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Will there be a COVID-19 vaccine and if so when? These are some of the biggest questions surrounding the COVID-19 pandemic. Check out this virtual exhibit to discover how vaccines are made, fight viruses, herd immunity, and more.


I created a vaccination strategy that led to the eradication (complete destruction) of smallpox in 1979. It’s the only infectious disease to be eradicated so far.

In 1953, I developed the world’s first safe and effective polio vaccine. The year before, the disease caused the death of 3,000 Americans and left 20,000 more paralyzed.

During the second half of the 20th century, I developed more than 40 vaccines—including those for measles, mumps, rubella, chickenpox, hepatitis A and B, and meningitis—that have saved tens of millions of lives.

Acting on common knowledge in the 1700s that milkmaids who had gotten cowpox did not fall ill with smallpox, I created a new procedure—which I called “vaccination”—to protect others against the disease.

When we created the first effective vaccine for pertussis (whooping cough) in the 1930s, the disease was taking the lives of 6,000 a year in the U.S. alone.

Until we developed the rabies vaccine in 1885, almost all rabies infections resulted in an agonizing death.

Pregnant women who are infected with rubella virus are at risk for miscarriage or stillbirth. Their developing babies are at risk for severe birth defects, including:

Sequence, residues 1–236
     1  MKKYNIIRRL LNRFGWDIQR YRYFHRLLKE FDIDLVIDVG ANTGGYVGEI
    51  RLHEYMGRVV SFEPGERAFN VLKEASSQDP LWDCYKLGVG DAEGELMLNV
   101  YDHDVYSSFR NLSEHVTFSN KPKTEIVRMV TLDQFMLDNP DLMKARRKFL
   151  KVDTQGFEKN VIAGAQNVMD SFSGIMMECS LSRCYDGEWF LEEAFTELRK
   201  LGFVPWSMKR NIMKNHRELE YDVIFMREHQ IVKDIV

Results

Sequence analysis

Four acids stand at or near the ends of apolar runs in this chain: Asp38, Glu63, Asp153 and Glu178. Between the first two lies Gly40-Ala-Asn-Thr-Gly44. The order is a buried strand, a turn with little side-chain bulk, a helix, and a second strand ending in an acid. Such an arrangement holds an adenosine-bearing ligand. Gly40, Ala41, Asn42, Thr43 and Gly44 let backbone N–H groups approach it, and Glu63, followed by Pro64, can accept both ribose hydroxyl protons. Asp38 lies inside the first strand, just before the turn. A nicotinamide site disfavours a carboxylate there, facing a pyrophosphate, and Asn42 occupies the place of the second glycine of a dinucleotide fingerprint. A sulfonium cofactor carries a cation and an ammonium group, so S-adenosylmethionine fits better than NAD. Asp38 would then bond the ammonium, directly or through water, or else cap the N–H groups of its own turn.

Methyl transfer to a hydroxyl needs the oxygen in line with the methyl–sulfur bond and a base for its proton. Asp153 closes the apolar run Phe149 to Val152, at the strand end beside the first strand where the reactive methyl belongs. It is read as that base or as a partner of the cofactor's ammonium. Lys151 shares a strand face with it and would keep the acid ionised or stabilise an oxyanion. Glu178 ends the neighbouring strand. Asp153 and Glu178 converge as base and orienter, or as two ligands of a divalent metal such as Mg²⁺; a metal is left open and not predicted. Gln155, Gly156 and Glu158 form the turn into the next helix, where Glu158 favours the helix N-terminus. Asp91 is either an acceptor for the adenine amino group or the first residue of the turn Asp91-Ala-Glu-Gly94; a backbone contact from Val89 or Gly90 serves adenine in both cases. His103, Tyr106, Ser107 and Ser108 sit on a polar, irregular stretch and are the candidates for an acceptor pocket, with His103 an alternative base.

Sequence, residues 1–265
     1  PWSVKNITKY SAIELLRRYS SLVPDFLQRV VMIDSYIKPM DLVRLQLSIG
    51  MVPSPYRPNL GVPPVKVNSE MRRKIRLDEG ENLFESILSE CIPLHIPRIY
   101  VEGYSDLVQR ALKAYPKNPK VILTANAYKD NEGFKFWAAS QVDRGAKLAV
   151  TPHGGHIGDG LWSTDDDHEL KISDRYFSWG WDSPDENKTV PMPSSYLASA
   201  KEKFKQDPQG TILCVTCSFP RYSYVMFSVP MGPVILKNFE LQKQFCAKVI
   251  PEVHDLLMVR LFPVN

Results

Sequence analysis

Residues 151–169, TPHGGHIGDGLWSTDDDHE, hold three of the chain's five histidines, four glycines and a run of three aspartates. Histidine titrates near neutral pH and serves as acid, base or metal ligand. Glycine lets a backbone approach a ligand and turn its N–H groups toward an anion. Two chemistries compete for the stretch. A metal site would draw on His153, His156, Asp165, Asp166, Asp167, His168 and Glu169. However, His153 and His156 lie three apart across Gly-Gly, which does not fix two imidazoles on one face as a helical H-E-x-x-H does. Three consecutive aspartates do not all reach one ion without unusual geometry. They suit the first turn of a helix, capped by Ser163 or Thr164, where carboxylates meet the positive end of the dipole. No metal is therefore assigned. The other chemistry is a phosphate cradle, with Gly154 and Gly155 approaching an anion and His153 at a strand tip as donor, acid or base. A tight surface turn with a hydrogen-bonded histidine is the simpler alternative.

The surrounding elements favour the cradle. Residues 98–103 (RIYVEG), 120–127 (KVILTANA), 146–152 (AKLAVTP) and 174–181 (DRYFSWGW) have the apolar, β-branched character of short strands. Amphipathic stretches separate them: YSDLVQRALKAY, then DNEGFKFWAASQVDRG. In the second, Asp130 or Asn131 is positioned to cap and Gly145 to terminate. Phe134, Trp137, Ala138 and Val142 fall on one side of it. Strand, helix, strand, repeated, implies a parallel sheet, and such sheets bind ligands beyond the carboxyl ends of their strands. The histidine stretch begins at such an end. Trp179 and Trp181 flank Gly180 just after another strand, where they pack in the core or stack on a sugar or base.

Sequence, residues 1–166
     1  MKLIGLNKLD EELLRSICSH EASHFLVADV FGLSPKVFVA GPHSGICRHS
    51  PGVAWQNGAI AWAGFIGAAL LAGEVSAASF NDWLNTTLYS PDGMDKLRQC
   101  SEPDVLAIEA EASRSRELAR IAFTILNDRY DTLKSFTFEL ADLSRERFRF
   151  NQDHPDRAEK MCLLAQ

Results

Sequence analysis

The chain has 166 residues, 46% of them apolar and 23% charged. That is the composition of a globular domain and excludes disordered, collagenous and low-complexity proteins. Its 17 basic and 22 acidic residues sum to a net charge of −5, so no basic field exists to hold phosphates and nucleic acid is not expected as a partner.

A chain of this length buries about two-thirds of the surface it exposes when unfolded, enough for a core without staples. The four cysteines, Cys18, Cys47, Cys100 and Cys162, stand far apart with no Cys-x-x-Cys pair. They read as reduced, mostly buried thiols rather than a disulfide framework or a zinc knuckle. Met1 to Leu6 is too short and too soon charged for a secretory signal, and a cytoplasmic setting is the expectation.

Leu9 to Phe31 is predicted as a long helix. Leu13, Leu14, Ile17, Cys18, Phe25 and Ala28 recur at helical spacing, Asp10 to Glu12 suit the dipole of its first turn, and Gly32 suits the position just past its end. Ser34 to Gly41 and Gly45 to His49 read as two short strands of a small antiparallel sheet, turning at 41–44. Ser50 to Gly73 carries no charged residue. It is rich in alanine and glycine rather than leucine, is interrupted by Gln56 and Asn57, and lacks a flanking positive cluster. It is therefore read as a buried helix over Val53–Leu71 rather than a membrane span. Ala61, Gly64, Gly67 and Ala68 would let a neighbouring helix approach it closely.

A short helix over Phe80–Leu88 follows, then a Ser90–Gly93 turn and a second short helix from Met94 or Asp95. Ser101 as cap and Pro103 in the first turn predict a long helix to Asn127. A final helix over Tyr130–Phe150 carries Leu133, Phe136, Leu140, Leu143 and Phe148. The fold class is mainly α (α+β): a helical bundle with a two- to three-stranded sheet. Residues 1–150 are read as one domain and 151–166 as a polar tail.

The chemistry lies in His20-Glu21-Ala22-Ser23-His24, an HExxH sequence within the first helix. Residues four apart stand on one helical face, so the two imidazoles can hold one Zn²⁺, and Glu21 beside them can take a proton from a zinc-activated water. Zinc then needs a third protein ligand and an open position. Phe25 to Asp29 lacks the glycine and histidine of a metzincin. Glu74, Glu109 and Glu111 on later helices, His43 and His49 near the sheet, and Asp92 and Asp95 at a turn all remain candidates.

• Deafness
  • Cataracts
  • Heart defects
  • Intellectual disabilities
  • Liver and spleen damage
  • And others

About half of babies younger than 1 year old with whooping cough are hospitalized. Of those, possible complications are:

  • Pneumonia
  • Apnea (slowed or stopped breathing)
  • Convulsions
  • Brain damage
  • Death (1 in 100)

Possible complications:

  • Meningitis (swelling of the tissue covering the brain and spinal cord)
  • Deafness
  • Encephalitis (swelling of the brain)
  • Death, in rare cases

Possible complications:

  • Meningitis
  • Paralysis or weakness in the arms, legs, or both
  • Of those with paralysis, death can occur because the virus affects the muscles that help them breathe (2–10 in 100)

Measles is especially dangerous for children under 5 and adults over 20. Possible complications:

  • Ear infection
  • Pneumonia
  • Swelling of the brain that can lead to convulsions, deafness, or intellectual disability
  • Death (1 in 1,000)